Any sale, auction or otherwise, of a given piece of machinery is valid to use as a comparable sale for a like piece of machinery if proper adjustments are made. Adjustments to comparable sales, whether in real property or personal property appraisals, are what brings the comparable to reflect market value and make the appropriate comparison to the subject. There is no set formula for each type of adjustment which might be made to a sale price for a given piece of machinery. It is not possible nor practical to set up a sales grid for each item of machinery and equipment in which the subject item of machinery or equipment would be compared to 4, 6, 8 or a dozen like items of property and each one adjusted on the various possible points of comparability for machinery and equipment. (See, Valuing Machinery and Equipment, Elements of Comparability, pp. 120-122). The adjustments which are required to be made are a product of the appraiser’s training and experience. Mr. Bealmear made adjustments to bring the sales data to the fair market value standard. Exhibit B, p. 18, Lines 6 – 13; Tr. 67, Lines 4-22.

The credentials, testimony and other evidence on this record demonstrate that Mr. Bealmear is quite knowledgeable and experienced in the various elements of comparability which would need to be considered for making adjustments and conducting a proper appraisal. His testimony substantiated that in performing his appraisal he made relevant inquiries related to the subject items of machinery and equipment that are ordinarily and properly made. He had available, through his own research or that of his staff, essential and appropriate information relative to the sales used for comparison in the appraisal. In summary, it is reasonable to conclude that the Bealmear appraisal was conducted in such a manner as to be in accordance with the general frame work and guidelines one would expect for such an appraisal. Valuing Machinery and Equipment, supra, Chapter 4.

Principle of Substitution

Sales Comparison Approach

The valuation of the subject property by Complainant’s expert is in accordance with the principle of substitution for these particular assets. A well informed buyer will not pay more for items of property than the amount such property will command in a market with sufficient demand. Mr. Bealmear found sufficient sales to value nearly every single piece of machinery and equipment by the sales comparison approach. His appraisal demonstrates a market with sufficient demand for the various items of manufacturing property being valued in this appeal. The Bealmear illustrations and supporting data (Exhibits C and D) show that he generally had four or more sales of items of machinery and equipment to use to arrive at an indicated value for each of the 1641 items of machinery and equipment valued under the sales comparison approach. The Hearing Officer concludes from the testimony of the expert that there were in all likelihood a larger number than 4 to 6 sales for many of the individual items, however, the appraiser selected those sales which were most like the subject item being valued. Exhibit B, p. 17, Line 14 – p. 18, Line 4; Tr. 42, Line 25 – Tr. 43, Line 15.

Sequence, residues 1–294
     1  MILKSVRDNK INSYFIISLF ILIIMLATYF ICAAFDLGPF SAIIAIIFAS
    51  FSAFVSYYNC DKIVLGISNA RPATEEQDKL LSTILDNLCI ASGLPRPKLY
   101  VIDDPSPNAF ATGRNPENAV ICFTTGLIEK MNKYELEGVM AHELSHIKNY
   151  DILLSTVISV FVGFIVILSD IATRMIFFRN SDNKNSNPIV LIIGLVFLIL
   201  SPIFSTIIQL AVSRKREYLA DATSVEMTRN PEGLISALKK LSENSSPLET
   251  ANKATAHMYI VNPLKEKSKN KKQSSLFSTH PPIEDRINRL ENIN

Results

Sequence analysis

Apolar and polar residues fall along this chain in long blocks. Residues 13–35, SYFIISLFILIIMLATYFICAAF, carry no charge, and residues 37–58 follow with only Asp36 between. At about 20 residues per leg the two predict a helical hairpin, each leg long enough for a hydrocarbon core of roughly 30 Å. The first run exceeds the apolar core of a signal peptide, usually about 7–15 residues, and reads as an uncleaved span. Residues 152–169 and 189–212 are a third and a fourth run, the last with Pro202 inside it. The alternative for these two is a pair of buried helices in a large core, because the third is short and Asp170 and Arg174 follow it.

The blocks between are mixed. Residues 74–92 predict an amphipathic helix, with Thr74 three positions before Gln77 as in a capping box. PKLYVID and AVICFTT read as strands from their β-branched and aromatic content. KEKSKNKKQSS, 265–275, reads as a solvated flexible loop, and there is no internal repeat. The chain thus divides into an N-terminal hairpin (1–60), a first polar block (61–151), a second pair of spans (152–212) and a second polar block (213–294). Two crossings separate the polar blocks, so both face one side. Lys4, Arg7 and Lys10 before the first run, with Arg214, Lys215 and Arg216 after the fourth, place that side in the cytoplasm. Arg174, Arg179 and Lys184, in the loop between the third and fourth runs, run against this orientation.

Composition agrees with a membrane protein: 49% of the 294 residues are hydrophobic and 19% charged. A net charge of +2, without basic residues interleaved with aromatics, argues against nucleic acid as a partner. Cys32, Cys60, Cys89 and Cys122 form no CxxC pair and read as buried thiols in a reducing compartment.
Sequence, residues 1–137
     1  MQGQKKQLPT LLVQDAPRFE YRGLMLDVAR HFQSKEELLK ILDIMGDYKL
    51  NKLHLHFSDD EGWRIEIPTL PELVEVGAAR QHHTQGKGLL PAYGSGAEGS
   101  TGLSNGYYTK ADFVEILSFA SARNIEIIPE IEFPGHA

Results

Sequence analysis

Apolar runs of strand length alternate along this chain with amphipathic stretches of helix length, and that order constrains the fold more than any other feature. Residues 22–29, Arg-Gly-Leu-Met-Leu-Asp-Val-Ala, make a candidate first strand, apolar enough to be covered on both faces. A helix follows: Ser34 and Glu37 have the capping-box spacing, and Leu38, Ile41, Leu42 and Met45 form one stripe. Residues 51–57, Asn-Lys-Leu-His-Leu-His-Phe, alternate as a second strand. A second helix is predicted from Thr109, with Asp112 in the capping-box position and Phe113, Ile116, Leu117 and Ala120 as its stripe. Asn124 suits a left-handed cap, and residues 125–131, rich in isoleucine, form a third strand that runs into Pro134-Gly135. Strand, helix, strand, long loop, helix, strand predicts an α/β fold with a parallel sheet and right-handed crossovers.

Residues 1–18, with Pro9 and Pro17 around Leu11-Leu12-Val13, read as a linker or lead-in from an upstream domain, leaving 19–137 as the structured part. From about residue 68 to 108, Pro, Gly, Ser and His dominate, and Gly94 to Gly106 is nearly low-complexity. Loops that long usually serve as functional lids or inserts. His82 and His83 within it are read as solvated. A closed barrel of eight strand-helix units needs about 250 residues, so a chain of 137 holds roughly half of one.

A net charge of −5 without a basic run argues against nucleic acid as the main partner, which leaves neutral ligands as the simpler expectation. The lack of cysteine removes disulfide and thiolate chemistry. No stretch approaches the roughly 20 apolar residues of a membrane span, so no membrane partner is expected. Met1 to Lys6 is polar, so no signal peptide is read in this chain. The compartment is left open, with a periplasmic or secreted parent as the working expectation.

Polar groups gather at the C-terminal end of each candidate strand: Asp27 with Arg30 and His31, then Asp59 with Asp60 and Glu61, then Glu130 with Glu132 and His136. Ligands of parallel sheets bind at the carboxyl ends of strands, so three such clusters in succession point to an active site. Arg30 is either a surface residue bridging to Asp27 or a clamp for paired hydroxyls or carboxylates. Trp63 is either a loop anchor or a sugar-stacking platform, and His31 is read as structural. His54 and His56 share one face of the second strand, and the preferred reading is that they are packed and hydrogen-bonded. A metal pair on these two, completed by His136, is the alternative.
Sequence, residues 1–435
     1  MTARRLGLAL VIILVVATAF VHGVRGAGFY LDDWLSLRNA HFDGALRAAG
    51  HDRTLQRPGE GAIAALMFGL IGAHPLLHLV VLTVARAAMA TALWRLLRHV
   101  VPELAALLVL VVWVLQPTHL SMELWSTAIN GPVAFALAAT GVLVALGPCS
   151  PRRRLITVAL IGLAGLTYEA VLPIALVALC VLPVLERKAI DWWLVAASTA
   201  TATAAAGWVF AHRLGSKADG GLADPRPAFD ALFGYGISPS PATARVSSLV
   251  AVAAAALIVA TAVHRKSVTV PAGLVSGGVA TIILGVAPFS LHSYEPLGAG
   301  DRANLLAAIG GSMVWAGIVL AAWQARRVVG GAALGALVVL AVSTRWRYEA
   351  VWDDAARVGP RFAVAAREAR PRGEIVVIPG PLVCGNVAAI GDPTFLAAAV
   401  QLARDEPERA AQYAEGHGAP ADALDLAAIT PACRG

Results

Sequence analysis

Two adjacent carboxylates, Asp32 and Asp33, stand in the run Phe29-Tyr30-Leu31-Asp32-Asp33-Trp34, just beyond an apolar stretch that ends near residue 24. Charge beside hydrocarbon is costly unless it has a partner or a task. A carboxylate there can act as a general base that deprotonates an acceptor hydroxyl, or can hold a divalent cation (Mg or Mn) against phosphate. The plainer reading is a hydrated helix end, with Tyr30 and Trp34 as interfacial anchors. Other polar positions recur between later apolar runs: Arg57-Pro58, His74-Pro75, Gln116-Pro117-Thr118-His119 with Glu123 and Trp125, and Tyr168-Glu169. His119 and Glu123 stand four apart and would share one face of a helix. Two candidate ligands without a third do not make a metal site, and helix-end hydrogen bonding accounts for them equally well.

The sales information utilized by Mr. Bealmear demonstrates what informed buyers are paying for the various items of machinery and equipment. One of the strengths of drawing from such sales data is that the appraiser is dealing with actual transactions for the purchase of like machinery, whether by an end user or a used equipment dealer for resale. For example, when valuing a 1993 Fadal CNC Vertical Machining Center, Model 4020 (Exhibit A, Entry # 250, p. 36), the appraiser had five different sales of model 4020 units ranging in age from 1990 to 1996. The sales of these five units had taken place in a period from November, 1999, through July, 2000, in four different states. The sale prices ranged from $22,00 to $42,500. After adjustments, Mr. Bealmear opined a value of $30,000 for the subject unit. Exhibit D. Actual sales data provides a firm foundation from which the trained and experienced appraiser can make appropriate adjustments to arrive at an opinion of what price the item of property being valued would demand in an open and active market.

Cost Approach

In those few instances (11 items of machinery) in this appeal, where Complainant’s expert was unable to find adequate sales of machinery and equipment, he arrived at an opinion of value using the cost approach. In developing his cost approach, Mr. Bealmear would obtain the replacement cost new as of the effective date for the appraisal (valuation date – January 1, 2000) from the manufacturer of the particular item of machinery or equipment. If the appraiser was unable to obtain a replacement cost new from the manufacturer, he would attempt to determine the date of acquisition and purchase price and make appropriate adjustments for the difference in time between its original purchase and the valuation date. From the replacement cost new, either obtained from the manufacturer or calculated from original acquisition costs, deductions were made for physical, functional and economic obsolescence. Exhibit A, p. 10; Exhibit B, p. 14, Line 13 – p. 15, Line 15.